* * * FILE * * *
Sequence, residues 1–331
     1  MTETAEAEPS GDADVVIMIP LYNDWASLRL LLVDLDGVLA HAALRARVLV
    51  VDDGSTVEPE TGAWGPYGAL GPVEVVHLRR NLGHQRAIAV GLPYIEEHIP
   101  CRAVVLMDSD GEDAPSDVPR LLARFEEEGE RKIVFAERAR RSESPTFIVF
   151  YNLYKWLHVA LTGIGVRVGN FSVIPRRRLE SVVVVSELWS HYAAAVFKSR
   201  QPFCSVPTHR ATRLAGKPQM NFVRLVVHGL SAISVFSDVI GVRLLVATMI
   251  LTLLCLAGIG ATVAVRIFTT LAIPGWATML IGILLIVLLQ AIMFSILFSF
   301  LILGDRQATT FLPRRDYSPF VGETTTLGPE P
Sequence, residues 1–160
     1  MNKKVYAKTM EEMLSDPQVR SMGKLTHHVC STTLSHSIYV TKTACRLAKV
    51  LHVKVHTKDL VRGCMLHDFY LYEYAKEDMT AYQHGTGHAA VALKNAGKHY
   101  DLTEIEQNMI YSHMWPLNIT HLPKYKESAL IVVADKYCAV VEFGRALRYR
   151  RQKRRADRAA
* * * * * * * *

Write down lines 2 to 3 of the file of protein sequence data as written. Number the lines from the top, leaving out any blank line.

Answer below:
     1  MTETAEAEPS GDADVVIMIP LYNDWASLRL LLVDLDGVLA HAALRARVLV
    51  VDDGSTVEPE TGAWGPYGAL GPVEVVHLRR NLGHQRAIAV GLPYIEEHIP